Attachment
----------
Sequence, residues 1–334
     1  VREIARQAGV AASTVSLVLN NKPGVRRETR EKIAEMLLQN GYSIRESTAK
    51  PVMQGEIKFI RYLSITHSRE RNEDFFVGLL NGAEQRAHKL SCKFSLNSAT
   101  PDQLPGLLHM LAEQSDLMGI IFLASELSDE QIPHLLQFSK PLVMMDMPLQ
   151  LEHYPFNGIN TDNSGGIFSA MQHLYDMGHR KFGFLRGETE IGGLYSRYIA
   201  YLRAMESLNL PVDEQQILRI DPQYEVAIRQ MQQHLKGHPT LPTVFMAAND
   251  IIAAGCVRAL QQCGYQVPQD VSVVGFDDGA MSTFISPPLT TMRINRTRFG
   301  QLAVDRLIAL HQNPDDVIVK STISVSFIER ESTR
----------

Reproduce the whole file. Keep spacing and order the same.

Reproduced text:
Sequence, residues 1–334
     1  VREIARQAGV AASTVSLVLN NKPGVRRETR EKIAEMLLQN GYSIRESTAK
    51  PVMQGEIKFI RYLSITHSRE RNEDFFVGLL NGAEQRAHKL SCKFSLNSAT
   101  PDQLPGLLHM LAEQSDLMGI IFLASELSDE QIPHLLQFSK PLVMMDMPLQ
   151  LEHYPFNGIN TDNSGGIFSA MQHLYDMGHR KFGFLRGETE IGGLYSRYIA
   201  YLRAMESLNL PVDEQQILRI DPQYEVAIRQ MQQHLKGHPT LPTVFMAAND
   251  IIAAGCVRAL QQCGYQVPQD VSVVGFDDGA MSTFISPPLT TMRINRTRFG
   301  QLAVDRLIAL HQNPDDVIVK STISVSFIER ESTR